The working condition here is serious and not suitable for any children. Conditions are hot and often dangerous. Even workers do not use minimum safety guard. Therefore accidents happen very frequently. Children who work here are growing up without education which has been leading them towards uncertain future. The reason of child labor in such dangerous working condition is cheap labor and poverty.

According to child labor law of Bangladesh it is prohibited in serious working condition but there is no implication of it. The current socio-economic condition of Bangladesh is unable to solve child labor problem right away.


It’s not possible to banned child labor completely at any time. The thing is these children’s families are in need. They don’t have any other options other than work for money and help their family. If government really going to banned child labor in the country, the situation would be worse than this.

Their living of standards even goes down more. So before banning child labor, government needs to develop economic condition of their family first. Efforts are now being made to hold ship owners and managers responsible for the accidents. Scrapping hazardous vessels is prohibited under the terms of the 2009 Hong Kong International Convention for the Safe and Environmentally Sound Recycling of Ships.

The edict has not been enforced, however, because it lacks the required signatures representing 40 percent of merchant shipping.

In December, the Peace Happiness and Prosperity (PHP) breaking yard in Chittagong was certified by RINA (Registro Italiano Navale), an Italian merchant marine classification society, as having met international standards of compliance for shipping.

Shipbreaking Platform says it clearly has few environmental safeguards, with toxic materials released into the sea. (PHP could not be reached for comment on the allegation.)

There was a time the beach at the shipwrecking places in Chittagong were white and clean. Now Chittagong is partially soaked with oil and toxic mud. European Commission regulations banning the export of hazardous waste have also had limited success in stopping ship exports.

On January 17, British authorities prevented three oil rigs from being shipped from Cromarty Firth in Scotland due to concerns that they might be heading for South Asia. Shipbreaking Platform said that 49 of the vessels sent to Asia in the second quarter of 2017, or about one-third, had their registrations altered only weeks before they reached the beach breaking yards.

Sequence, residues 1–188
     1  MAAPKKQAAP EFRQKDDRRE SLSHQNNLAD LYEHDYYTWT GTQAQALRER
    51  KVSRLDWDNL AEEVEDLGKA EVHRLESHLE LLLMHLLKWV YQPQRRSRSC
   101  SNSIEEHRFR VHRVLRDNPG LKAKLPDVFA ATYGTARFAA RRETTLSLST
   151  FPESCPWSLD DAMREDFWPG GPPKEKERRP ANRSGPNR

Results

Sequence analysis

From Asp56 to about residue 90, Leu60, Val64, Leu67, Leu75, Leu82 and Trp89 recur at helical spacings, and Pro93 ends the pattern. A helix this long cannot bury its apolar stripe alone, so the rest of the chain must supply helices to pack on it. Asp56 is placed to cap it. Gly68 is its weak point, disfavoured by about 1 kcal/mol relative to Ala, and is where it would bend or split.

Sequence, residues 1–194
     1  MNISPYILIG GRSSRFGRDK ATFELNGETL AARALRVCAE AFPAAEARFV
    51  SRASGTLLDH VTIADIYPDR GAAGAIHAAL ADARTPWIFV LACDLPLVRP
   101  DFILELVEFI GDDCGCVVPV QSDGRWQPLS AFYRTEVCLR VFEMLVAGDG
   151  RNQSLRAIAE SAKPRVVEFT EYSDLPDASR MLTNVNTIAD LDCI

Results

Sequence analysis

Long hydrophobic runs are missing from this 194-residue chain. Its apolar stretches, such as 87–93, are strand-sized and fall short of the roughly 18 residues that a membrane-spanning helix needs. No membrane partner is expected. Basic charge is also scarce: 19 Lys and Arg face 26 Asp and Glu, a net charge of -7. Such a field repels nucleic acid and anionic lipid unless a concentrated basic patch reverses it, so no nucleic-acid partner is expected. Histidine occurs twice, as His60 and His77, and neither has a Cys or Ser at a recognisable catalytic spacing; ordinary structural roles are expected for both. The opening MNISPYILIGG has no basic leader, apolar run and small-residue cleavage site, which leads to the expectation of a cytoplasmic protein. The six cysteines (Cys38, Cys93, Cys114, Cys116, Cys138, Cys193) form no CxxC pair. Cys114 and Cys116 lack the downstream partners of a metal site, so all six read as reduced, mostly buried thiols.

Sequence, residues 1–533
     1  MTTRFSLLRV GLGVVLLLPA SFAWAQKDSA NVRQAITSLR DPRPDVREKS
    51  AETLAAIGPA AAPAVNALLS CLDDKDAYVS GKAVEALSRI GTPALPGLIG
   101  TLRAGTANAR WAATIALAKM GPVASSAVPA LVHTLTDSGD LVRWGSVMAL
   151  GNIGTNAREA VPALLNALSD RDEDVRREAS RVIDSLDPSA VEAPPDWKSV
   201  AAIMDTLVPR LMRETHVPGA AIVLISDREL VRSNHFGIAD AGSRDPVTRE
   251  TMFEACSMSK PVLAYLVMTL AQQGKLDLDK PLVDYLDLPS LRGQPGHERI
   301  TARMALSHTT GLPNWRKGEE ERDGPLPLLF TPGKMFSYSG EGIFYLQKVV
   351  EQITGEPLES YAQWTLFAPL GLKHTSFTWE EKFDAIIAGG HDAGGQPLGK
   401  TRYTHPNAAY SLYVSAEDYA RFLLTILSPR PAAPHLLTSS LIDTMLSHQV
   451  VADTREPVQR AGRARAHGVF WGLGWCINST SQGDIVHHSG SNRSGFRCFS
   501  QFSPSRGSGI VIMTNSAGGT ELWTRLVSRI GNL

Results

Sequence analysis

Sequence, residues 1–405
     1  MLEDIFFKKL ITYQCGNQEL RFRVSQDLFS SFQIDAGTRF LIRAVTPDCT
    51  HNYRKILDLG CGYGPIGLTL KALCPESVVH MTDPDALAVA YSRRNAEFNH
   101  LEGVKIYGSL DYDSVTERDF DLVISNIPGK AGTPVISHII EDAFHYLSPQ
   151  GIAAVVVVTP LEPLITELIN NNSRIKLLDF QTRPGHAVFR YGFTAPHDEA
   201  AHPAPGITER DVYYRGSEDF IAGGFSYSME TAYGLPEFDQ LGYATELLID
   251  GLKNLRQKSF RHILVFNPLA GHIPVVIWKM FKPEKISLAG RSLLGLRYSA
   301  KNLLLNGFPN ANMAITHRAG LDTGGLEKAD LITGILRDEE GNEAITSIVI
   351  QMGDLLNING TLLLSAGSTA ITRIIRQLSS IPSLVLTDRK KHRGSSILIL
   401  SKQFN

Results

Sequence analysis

Their new “flags” were countries outside the conventions that are not typically used by commercial shipping: Togo, Comoros, Palau, St Kitts & Nevis, Djibouti and Niue were among the most popular.

The company that did the most switching was the Singaporean Continental Shipping Line, which gave six Liberian-flagged vessels new registrations. Quantum Pacific, also based in Singapore, changed flags on four scrapped ships.

The country with the worst dumping record in last year’s second quarter was Germany, which beached 16 vessels. Singapore sent 12 ships to Asian beaches, and there were nine from Greece and eight from South Korea.

According to the latest report released by PwC, the number of Chinese enterprises’ overseas M&A has increased to 135 in 2017, compared to 22 in 2016.

The total amount of deals has jumped more than 10 times to US$21.4 billion in 2017, from US$2 billion in 2016.

The report also said high-tech and high-standard industrial products remain to be the most active areas for Chinese enterprises to invest abroad, followed by consumer goods.

This phenomenon is in line with China’s industrial upgrading and its macro strategy to acquire overseas advanced technologies, brands and consumer goods.

The ship breaking yards are mostly located in the Sitakunda area in Chittagong, but the workplace environment is alleged to be unsafe.

Check Also

Ports and shipping: a historical perspective

Ports and shipping: a historical perspective

The history of use of waterborne vessels is as old as humans. Research has found …

Leave a Reply